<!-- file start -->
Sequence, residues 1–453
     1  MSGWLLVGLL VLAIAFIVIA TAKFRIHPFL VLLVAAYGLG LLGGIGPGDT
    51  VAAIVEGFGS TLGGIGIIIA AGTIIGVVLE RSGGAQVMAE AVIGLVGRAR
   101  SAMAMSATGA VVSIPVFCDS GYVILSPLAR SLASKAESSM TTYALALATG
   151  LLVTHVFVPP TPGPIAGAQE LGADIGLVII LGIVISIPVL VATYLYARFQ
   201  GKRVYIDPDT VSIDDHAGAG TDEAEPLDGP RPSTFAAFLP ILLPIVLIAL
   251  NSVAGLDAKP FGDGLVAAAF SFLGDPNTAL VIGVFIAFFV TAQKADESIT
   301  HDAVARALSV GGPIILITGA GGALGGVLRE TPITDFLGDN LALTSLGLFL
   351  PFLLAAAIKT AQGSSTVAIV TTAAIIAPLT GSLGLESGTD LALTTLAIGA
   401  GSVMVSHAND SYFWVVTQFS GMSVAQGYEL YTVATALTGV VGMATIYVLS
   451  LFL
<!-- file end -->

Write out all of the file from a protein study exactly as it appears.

Sequence, residues 1–453
     1  MSGWLLVGLL VLAIAFIVIA TAKFRIHPFL VLLVAAYGLG LLGGIGPGDT
    51  VAAIVEGFGS TLGGIGIIIA AGTIIGVVLE RSGGAQVMAE AVIGLVGRAR
   101  SAMAMSATGA VVSIPVFCDS GYVILSPLAR SLASKAESSM TTYALALATG
   151  LLVTHVFVPP TPGPIAGAQE LGADIGLVII LGIVISIPVL VATYLYARFQ
   201  GKRVYIDPDT VSIDDHAGAG TDEAEPLDGP RPSTFAAFLP ILLPIVLIAL
   251  NSVAGLDAKP FGDGLVAAAF SFLGDPNTAL VIGVFIAFFV TAQKADESIT
   301  HDAVARALSV GGPIILITGA GGALGGVLRE TPITDFLGDN LALTSLGLFL
   351  PFLLAAAIKT AQGSSTVAIV TTAAIIAPLT GSLGLESGTD LALTTLAIGA
   401  GSVMVSHAND SYFWVVTQFS GMSVAQGYEL YTVATALTGV VGMATIYVLS
   451  LFL